Beauty and the Beast: Epic Formula for Language Development

I woke up this morning and while listening to the news, drinking my coffee, and scrolling through online social networks in my tablet, I saw that I had been tagged in a facebook post by my oldest son, Zachary.  Zachary had been watching the newest trailer of Disney’s Beauty and the Beast movie – a live-action re-telling of the studio’s animated … “Beauty and the Beast” will be released in U.S. theaters on March 17, 2017.  Zachary was so delighted that this re-telling appears to be much like the animated version.

Why is this a big deal?  This is his brother, Tyler’s, all time most favorite animated movie.  Zachary explained it so well…, “how many countless times my autistic brother, Tyler, watched the animated version…to the point where every member of our family could quote the movie word for word….I gotta see it.  And I would LOVE to see it in the theaters with him. (Sound doable, mom?)”

And of course, my response was, “absolutely, we’ll make it happen.”

The animated Disney version came out it 1991.  Tyler was born in March of 1992.  We purchased the VHS tape (that’s all there was back then.) after it was released on October 30, 1992.  Tyler would sit in his activity walker and watch it.  He watched it all the way through, with no breaks in his concentration levels.  I would talk to him, try to get his attention because I was feeling badly he had been watching a movie all that time.

As the years rolled on, Tyler continued to watch this movie. (and by the way, we’ve owned many versions…VHS, DVD, BLU RAY, and now, Amazon.)Every day, from beginning to end all day long Beauty and the Beast played.  My other kids would watch it too, occasionally.  But after all the times that our home space was filled with the sounds of this movie, I think they had just learned to tune it out.  After all, it was just background noise that kept their autistic brother happy.  We all settled into whatever made Tyler happy.  It’s just how it was at our house.  Otherwise, the home space was filled with screams, squeals, or an unnatural sound of something breaking or being torn.  Beauty and the Beast made our world seem magical somehow.  As if we were suspended in the movie setting of the beautiful town in France.  Beast was to be tamed and all would be right in the world at the end.  Right?!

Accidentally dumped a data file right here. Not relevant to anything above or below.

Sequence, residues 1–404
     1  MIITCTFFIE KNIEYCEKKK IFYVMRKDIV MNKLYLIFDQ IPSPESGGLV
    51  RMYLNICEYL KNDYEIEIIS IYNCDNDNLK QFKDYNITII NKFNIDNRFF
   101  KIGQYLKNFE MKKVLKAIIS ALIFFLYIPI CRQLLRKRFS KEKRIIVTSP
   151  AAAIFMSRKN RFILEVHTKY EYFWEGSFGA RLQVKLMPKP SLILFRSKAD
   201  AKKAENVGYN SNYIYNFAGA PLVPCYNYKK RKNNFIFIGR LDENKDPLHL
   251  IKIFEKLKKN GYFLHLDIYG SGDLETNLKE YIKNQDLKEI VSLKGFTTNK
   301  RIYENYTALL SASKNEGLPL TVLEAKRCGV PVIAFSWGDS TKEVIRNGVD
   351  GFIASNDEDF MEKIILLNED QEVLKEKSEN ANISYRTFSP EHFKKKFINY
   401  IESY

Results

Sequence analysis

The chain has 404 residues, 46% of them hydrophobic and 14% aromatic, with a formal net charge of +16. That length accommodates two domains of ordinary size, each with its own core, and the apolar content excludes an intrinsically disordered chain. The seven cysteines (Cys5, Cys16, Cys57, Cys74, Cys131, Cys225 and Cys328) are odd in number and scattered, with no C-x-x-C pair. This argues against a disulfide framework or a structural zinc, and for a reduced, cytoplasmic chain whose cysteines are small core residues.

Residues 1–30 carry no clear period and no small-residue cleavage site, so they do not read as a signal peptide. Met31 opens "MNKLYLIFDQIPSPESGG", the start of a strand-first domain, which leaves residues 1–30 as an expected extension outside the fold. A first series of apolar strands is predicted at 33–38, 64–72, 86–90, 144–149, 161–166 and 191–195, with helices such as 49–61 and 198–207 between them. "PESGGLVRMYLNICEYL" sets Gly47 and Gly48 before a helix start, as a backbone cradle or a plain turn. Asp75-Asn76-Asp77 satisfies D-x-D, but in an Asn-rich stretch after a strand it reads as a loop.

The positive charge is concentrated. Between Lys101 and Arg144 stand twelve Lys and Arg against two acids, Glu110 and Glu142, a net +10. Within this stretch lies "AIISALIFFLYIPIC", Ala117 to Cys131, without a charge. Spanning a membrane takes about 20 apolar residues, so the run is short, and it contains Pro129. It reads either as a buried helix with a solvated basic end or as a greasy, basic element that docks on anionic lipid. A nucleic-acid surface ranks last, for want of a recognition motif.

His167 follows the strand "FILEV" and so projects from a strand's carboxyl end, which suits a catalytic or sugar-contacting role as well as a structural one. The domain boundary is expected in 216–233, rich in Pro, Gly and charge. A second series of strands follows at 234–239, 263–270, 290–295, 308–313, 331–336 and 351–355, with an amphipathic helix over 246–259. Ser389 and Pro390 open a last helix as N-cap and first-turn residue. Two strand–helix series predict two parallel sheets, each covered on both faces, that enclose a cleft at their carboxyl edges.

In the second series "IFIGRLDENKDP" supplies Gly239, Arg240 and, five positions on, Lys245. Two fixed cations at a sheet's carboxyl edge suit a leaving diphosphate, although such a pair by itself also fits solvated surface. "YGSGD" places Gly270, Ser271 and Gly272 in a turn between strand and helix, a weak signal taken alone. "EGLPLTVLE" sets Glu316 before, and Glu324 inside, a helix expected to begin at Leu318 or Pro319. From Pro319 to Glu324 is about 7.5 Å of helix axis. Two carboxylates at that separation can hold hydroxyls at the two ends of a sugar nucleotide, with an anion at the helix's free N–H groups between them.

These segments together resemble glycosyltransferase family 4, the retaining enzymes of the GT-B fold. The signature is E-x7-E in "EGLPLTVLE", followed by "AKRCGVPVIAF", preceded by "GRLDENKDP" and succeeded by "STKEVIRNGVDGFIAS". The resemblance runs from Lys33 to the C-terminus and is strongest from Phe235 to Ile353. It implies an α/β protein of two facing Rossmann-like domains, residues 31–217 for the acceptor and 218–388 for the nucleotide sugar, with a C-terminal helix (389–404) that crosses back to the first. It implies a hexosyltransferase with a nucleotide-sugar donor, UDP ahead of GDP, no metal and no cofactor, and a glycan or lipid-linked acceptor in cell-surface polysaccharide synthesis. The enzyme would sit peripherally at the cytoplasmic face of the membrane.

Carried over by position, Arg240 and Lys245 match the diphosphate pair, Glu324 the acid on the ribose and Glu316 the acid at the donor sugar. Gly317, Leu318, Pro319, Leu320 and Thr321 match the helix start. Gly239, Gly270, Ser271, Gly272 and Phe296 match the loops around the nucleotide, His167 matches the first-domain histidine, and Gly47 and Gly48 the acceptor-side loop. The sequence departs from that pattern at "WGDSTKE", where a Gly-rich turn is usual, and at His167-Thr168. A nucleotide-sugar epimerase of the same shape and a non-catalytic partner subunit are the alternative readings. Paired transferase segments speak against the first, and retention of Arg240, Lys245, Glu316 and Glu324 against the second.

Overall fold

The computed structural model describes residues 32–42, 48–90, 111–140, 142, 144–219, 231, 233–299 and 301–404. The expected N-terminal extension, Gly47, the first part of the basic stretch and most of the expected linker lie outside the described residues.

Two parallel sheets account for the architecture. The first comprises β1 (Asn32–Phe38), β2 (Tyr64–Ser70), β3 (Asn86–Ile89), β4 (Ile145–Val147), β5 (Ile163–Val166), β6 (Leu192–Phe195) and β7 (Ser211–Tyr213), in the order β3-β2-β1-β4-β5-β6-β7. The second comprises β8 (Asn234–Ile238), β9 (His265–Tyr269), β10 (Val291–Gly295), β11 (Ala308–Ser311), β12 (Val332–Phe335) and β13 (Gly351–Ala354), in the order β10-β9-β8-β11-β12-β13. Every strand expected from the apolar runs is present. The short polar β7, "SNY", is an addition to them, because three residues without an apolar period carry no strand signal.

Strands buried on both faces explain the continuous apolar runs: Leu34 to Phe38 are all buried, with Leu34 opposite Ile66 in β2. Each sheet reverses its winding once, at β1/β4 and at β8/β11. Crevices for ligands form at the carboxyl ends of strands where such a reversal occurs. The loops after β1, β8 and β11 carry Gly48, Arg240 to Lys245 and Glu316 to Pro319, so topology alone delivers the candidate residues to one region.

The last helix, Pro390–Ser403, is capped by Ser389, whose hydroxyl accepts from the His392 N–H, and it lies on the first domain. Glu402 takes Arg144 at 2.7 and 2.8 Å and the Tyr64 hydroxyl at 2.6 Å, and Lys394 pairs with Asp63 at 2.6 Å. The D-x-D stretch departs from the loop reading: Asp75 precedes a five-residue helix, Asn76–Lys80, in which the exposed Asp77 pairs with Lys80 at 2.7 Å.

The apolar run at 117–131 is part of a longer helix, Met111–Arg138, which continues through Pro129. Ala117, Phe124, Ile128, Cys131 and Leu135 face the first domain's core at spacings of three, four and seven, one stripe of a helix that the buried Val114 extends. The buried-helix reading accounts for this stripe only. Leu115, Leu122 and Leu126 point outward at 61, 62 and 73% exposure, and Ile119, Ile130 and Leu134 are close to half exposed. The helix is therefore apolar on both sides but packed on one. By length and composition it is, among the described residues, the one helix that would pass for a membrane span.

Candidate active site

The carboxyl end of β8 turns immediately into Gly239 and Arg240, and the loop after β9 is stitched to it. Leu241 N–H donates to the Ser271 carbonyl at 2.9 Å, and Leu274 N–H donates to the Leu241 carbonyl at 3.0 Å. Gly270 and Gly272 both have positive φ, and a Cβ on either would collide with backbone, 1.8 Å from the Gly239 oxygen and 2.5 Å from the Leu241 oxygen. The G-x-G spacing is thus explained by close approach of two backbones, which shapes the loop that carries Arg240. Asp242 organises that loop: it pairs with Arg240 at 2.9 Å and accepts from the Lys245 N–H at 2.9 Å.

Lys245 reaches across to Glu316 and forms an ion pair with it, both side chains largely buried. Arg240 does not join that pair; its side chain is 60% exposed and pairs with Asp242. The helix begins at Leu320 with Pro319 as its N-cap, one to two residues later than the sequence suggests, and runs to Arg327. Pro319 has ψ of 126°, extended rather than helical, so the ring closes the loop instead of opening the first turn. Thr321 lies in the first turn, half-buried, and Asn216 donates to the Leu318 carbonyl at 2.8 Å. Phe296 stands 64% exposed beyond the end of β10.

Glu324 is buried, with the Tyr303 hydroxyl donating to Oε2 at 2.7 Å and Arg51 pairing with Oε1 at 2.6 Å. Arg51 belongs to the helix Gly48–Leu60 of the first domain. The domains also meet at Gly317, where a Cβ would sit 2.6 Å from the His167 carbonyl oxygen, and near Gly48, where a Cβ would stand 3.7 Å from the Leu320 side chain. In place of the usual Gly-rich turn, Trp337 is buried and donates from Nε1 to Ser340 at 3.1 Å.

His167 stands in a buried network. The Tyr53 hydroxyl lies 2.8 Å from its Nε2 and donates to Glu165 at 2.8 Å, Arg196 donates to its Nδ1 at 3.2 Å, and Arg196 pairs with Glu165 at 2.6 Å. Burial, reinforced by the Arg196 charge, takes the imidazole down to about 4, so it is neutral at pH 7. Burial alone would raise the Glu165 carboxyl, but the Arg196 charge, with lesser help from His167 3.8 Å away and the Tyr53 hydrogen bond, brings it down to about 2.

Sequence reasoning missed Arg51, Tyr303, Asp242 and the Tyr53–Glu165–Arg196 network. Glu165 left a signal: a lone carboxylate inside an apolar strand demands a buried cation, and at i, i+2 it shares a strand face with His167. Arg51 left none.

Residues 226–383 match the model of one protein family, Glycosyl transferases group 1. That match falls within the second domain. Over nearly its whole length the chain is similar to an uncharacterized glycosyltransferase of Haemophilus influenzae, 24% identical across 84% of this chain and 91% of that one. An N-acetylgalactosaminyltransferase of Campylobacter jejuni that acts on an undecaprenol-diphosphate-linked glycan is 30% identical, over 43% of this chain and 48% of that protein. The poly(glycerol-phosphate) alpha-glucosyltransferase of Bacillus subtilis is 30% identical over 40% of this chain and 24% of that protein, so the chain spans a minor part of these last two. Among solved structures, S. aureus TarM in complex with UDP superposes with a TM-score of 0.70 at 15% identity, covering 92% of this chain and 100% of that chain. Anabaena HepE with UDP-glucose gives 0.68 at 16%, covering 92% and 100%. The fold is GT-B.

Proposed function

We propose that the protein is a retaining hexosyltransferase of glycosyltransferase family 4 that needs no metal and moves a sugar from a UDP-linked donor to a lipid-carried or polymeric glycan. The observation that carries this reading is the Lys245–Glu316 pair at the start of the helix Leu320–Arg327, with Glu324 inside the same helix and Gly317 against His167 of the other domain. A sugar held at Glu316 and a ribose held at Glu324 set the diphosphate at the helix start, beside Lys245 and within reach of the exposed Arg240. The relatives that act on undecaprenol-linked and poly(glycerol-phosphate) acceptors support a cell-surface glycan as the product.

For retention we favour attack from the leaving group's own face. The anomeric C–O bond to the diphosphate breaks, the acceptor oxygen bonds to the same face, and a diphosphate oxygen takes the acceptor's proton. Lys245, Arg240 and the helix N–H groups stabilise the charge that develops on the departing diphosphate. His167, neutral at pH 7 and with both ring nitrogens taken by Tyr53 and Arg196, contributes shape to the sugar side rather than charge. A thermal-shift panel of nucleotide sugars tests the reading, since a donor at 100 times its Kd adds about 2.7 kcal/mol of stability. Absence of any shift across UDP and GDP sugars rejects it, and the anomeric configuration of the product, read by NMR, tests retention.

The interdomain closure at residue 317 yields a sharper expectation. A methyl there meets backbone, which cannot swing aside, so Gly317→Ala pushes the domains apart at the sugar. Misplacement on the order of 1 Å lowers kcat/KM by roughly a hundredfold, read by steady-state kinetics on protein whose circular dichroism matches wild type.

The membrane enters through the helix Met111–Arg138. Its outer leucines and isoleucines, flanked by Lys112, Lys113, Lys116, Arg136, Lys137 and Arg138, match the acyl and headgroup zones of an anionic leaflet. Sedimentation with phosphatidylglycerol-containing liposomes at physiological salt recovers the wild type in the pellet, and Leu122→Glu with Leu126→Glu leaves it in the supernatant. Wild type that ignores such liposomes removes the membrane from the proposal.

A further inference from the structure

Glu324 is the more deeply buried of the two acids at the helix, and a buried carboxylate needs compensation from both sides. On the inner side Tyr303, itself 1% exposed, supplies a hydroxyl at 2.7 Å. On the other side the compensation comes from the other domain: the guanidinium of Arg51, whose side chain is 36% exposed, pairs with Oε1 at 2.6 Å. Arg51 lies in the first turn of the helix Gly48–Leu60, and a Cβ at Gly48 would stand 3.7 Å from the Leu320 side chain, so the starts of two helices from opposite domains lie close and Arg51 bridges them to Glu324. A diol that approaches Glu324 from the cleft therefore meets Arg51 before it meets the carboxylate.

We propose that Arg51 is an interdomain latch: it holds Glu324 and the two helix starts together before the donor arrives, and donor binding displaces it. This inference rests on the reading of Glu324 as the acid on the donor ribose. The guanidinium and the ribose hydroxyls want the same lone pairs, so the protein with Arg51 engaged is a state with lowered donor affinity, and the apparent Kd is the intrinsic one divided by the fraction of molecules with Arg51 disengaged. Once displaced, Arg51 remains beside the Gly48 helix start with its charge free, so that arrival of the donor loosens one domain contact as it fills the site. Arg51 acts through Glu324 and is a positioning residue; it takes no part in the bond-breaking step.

But that wasn’t all the effect we felt.  The best was yet to come.   As Tyler began to grow and try to express himself, he used quotes from Beauty and the Beast movie to do so.  He would say a phrase that sounded something like this to us, “Ah See A Boo See A Eye!” when he was upset by something in his world that he didn’t expect and he didn’t know how to handle the emotions.   For years, we had no clue where he got that from, but knew what he meant.  Then, one of his sisters said one day, “Mom!  I figured out ‘Ah See A Boo See A Eye!’  It’s from Beauty and the Beast, where Beauty walks in the giant library for the first time and says, ‘I’ve never seen so many books in all my life!'”   I was delighted, “That’s it!  Your right!”